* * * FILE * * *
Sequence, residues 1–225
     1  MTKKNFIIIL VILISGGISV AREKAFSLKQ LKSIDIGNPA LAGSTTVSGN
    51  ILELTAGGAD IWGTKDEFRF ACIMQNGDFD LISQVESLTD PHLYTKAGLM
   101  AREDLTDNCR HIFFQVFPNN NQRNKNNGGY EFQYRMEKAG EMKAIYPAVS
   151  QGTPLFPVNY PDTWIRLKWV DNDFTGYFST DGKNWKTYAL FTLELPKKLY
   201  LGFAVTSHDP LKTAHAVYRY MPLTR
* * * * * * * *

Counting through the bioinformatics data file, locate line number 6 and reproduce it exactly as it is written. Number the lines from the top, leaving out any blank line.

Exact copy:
   201  LGFAVTSHDP LKTAHAVYRY MPLTR